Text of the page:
Plunging Johnson & Johnson Vaccine Supply Dents State Inoculation Efforts
With deliveries from Johnson & Johnson set to fall 86 percent, a White House official warned that the vaccine would be scarce until a troubled Baltimore plant gains regulatory approval.,
WASHINGTON — Supplies of Johnson & Johnson’s one-dose coronavirus vaccine will be extremely limited until federal regulators approve production at a Baltimore manufacturing plant with a pattern of quality-control lapses, the White House’s pandemic response coordinator said on Friday.
With allocations of the company’s vaccine set to plunge by 86 percent next week, governors across the country warned that the loss of supplies they had been counting on would set back their vaccination drives.
Federal officials said Moderna and Pfizer-BioNTech, the other two federally authorized vaccine manufacturers, could make up some of the shortfall. They also pointed out that some states were not currently using all the vaccine allocated to them.
But increases from Moderna and Pfizer will not make up for the plunge in Johnson & Johnson supply. California will receive 400,000 fewer overall doses next week than this week, a drop of 15 percent, even with slight increases from Pfizer and Moderna. That will be followed by another 5 percent decrease the next week, state officials said on Friday. Officials in a broad band of states said the sudden drop in Johnson & Johnson supply would significantly slow inoculation efforts.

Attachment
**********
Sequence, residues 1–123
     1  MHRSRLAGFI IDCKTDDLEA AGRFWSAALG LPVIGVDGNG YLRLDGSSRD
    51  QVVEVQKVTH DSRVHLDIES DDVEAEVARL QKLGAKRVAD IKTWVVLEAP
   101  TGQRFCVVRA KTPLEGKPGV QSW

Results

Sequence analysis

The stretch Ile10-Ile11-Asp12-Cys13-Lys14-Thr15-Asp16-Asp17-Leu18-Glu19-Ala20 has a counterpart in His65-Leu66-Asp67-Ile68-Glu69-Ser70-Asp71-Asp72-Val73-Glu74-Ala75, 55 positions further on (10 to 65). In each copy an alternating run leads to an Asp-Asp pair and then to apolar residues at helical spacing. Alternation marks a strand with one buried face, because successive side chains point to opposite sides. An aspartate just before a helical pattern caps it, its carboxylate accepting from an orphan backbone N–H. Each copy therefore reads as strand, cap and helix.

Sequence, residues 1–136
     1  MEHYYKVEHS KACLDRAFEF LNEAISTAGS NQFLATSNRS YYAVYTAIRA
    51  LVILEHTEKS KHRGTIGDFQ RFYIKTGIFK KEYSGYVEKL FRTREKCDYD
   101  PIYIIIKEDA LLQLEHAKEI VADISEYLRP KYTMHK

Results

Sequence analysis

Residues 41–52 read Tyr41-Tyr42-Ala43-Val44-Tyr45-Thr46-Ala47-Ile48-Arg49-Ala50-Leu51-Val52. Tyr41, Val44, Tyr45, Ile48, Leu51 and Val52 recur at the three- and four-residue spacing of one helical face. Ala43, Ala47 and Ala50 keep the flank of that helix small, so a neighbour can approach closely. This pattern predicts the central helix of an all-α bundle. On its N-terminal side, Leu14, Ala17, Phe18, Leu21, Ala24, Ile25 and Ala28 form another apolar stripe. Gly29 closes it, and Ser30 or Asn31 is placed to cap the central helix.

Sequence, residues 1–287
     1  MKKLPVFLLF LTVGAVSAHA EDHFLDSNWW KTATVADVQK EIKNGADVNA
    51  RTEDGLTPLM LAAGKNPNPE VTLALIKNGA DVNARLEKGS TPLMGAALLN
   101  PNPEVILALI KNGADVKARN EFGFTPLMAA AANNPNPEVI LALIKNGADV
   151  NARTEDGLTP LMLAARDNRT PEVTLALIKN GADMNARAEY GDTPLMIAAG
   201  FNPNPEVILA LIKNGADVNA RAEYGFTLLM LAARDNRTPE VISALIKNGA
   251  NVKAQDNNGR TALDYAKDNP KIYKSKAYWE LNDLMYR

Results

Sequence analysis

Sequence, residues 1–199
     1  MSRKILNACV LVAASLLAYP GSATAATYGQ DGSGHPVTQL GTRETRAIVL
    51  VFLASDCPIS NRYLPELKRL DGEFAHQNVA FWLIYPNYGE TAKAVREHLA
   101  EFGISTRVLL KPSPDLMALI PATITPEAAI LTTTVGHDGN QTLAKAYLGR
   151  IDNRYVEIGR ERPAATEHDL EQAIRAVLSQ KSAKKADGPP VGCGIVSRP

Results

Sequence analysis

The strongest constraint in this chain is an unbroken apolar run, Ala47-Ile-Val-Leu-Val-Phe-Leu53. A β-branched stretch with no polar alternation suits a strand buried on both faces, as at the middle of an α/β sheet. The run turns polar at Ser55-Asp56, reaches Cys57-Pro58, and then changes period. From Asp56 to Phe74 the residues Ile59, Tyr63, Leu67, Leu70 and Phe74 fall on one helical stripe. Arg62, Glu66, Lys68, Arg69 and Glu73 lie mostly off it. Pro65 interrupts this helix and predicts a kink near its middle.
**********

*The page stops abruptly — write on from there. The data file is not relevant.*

“The last thing we wanted to hear about was we’re getting less vaccines,” Gov. Larry Hogan of Maryland, a Republican, told reporters Friday. “We were hoping to ramp up as they’ve been promising.”
In a statement, Gov. Andrew M. Cuomo of New York, a Democrat, said, “We will not be able to get as many shots into New Yorkers’ arms as we would like.” He added, “As has been the case since the beginning of our vaccination effort, the X factor is supply, supply, supply.”
Some state health officials had hoped to use Johnson & Johnson’s one-shot, easily stored vaccine to target college students and other transient groups. Others were offering it at mass vaccination sites or directing it to rural areas.
Instead, shipment of doses of Johnson & Johnson next week will drop severely in states: California will fall from 572,700 to 67,600 doses, Texas from 392,100 to 46,300, Florida from 313,200 to 37,000 and Virginia from 253,400 to 27,900.
In Virginia, which will broaden vaccine eligibility to its entire adult population in nine days, the effect will be “huge,” Dr. Danny Avula, the state vaccine coordinator, said. He said that officials would have to warn people that even though they would be eligible to sign up for shots, appointments could be hard to come by.
Johnson & Johnson was a latecomer to winning federal authorization for emergency use, after Pfizer and Moderna. But as recently as late February, federal officials were projecting weekly deliveries of more than four million doses of the company’s vaccine in April, a significant increase to the nation’s vaccine stock. Only a quarter of those doses, at best, are now expected this month — all from the Netherlands — while federal regulators comb through the Baltimore factory that was supposed to take over for the Dutch plants.
The falloff comes as new, more contagious variants of the coronavirus are sending infection rates soaring in some parts of the country. In Michigan, Gov. Gretchen Whitmer, a Democrat, said on Friday that she had urged Mr. Biden to surge vaccines into her state, where an outbreak, the worst in the nation, has filled hospitals and forced some schools to close.